mining, diamonds, science

Study: The Earth Has Way More Diamonds Than We Thought

diamonds, gems, miningBack in 2014, Wall Street Daily reported that a diamond shortage may become a reality within the next five years. Aside from the celebs who are spending big bucks on diamonds, everyday consumers — primarily in China — have been buying diamond engagement rings as of late. In turn, diamond prices have been pushed up by between 5 and 10 percent.

Now, scientists say that our planet may actually have more diamonds than it’s showing.

A study published in Nature has shown that diamond formations may be occurring all of the time, right beneath our feet. In order to form, diamonds require complex chemical reactions, known as redox reactions, according to the Washington Post. However, scientists have shown that the can also form due to simple changes in acidity.

High temperatures, high pressures and water can cause diamonds to spawn under certain circumstances, according to the study. As a result, they may be popping up regularly about 100 miles below the planet’s surface. Of course, this would be virtually unobtainable — 100 miles is about 10 times deeper than any drilling exploration to date.

You might be ready to go digging for some cash, but it’s worth noting that the scientists had a different goal in mind when they made their discovery. Now, the researchers believe they will be able to study more interactions between deep fluids and rocks. In turn, this may give us a better understanding of how the Earth’s interior has evolved over time.

See? It isn’t all about glitz and glam.

For those of you who are concerned about the diamond shortage, let’s take a look at current conditions. As it stands, Russia has one-third of the world’s diamond reserves. However, sanctions are hampering Russia as it looks to produce these gems.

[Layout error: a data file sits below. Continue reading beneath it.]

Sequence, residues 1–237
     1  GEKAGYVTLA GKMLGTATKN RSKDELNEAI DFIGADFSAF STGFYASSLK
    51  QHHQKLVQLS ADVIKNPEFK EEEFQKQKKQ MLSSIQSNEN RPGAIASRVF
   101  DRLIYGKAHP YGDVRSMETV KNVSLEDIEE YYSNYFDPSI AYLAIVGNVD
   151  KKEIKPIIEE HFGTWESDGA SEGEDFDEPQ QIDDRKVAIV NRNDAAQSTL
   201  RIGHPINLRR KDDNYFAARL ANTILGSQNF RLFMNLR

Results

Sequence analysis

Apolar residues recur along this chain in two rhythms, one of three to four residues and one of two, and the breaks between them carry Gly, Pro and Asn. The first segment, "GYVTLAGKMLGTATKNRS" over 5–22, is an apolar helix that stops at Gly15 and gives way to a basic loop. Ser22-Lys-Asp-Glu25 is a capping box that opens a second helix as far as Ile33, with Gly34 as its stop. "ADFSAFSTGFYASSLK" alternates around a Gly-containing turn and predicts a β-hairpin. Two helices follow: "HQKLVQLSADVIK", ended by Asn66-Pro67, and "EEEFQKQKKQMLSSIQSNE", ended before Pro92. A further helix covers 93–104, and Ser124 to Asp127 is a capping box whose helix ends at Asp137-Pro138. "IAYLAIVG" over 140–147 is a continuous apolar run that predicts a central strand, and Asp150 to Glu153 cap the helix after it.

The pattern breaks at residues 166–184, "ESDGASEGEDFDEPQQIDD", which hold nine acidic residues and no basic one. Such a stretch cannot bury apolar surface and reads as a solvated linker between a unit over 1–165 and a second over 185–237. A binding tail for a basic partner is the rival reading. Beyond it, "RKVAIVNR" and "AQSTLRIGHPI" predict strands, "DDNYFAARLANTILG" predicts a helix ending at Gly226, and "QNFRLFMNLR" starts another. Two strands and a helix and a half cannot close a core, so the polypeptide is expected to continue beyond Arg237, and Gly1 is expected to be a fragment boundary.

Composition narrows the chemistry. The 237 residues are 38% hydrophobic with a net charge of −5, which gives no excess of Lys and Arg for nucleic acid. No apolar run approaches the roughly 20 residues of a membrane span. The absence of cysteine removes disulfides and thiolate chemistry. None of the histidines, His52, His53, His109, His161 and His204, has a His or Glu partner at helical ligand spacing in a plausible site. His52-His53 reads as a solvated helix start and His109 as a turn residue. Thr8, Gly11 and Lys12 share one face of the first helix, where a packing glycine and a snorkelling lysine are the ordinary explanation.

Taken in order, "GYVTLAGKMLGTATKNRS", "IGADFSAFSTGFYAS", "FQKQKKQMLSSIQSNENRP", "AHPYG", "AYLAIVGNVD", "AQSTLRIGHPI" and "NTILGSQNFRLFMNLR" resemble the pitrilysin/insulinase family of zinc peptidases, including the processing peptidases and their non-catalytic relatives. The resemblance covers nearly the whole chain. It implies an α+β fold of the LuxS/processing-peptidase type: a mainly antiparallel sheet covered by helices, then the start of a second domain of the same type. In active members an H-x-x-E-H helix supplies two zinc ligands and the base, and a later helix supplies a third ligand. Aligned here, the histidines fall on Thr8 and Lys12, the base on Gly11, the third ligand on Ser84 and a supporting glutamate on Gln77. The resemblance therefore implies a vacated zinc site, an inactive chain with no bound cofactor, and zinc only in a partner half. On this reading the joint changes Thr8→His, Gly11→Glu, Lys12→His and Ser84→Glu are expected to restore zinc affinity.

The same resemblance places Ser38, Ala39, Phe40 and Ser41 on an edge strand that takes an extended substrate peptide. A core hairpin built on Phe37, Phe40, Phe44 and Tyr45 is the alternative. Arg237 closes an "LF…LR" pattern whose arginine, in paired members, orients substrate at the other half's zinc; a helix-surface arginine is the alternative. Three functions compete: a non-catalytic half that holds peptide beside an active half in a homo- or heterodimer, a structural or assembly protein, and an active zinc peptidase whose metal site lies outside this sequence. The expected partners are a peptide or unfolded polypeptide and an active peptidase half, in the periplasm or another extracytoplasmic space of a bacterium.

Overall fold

As for the rest of the world, Botswana and Canada — two of the world’s largest diamond producers — expect their diamond minds to deplete within the next 10 years. With demand rising approximately 5 percent each year, sparkling baubles may become harder to find at a reasonable price.

However, it isn’t all bad news. In fact, China may finally start making moves to cater to the growing demand for diamonds, according to The Telegraph.

“There are so few diamond mines worldwide that there are inherently high barriers to enter the market,” Cathy Malins, from Petra Diamonds, told the news source. “But there are signs that China is starting to look at ways to encourage its diamond industry and I think it’s likely they could look at diamond mining assets in the future, as they have no significant producing diamond mines in country.”

Long live flashy jewelry!


Feltman, Rachel. “Diamonds may actually be really common — deep, deep in the Earth.” Washington Post. November 4,

Goldhill, Olivia. “Shortage of supply means diamond prices won’t be staying at today’s levels forever.” The Telegraph. April 20, 2014.

Maverick, Tim. “Diamond Shortage to Occur Within Five Years.” Wall Street Daily. September 9, 2014.

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